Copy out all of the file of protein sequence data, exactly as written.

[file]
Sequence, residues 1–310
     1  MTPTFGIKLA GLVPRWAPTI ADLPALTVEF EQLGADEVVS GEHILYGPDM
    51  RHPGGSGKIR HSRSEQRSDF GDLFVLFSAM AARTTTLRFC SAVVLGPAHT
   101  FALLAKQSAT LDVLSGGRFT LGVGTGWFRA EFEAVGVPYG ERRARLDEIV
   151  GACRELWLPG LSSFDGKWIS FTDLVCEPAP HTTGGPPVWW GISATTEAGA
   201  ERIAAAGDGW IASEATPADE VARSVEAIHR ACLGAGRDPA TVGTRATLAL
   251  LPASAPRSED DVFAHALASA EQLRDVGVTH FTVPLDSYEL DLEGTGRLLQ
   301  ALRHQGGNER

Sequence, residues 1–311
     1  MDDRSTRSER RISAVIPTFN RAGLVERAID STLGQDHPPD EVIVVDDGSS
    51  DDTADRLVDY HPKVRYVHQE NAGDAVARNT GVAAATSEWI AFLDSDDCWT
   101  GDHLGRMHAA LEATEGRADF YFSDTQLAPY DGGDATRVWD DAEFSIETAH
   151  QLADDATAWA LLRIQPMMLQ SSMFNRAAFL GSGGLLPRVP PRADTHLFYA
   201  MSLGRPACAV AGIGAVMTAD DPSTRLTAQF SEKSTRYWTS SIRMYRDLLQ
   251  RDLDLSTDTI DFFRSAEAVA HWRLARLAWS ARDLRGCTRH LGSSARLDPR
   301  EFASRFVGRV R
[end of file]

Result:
Sequence, residues 1–310
     1  MTPTFGIKLA GLVPRWAPTI ADLPALTVEF EQLGADEVVS GEHILYGPDM
    51  RHPGGSGKIR HSRSEQRSDF GDLFVLFSAM AARTTTLRFC SAVVLGPAHT
   101  FALLAKQSAT LDVLSGGRFT LGVGTGWFRA EFEAVGVPYG ERRARLDEIV
   151  GACRELWLPG LSSFDGKWIS FTDLVCEPAP HTTGGPPVWW GISATTEAGA
   201  ERIAAAGDGW IASEATPADE VARSVEAIHR ACLGAGRDPA TVGTRATLAL
   251  LPASAPRSED DVFAHALASA EQLRDVGVTH FTVPLDSYEL DLEGTGRLLQ
   301  ALRHQGGNER

Sequence, residues 1–311
     1  MDDRSTRSER RISAVIPTFN RAGLVERAID STLGQDHPPD EVIVVDDGSS
    51  DDTADRLVDY HPKVRYVHQE NAGDAVARNT GVAAATSEWI AFLDSDDCWT
   101  GDHLGRMHAA LEATEGRADF YFSDTQLAPY DGGDATRVWD DAEFSIETAH
   151  QLADDATAWA LLRIQPMMLQ SSMFNRAAFL GSGGLLPRVP PRADTHLFYA
   201  MSLGRPACAV AGIGAVMTAD DPSTRLTAQF SEKSTRYWTS SIRMYRDLLQ
   251  RDLDLSTDTI DFFRSAEAVA HWRLARLAWS ARDLRGCTRH LGSSARLDPR
   301  EFASRFVGRV R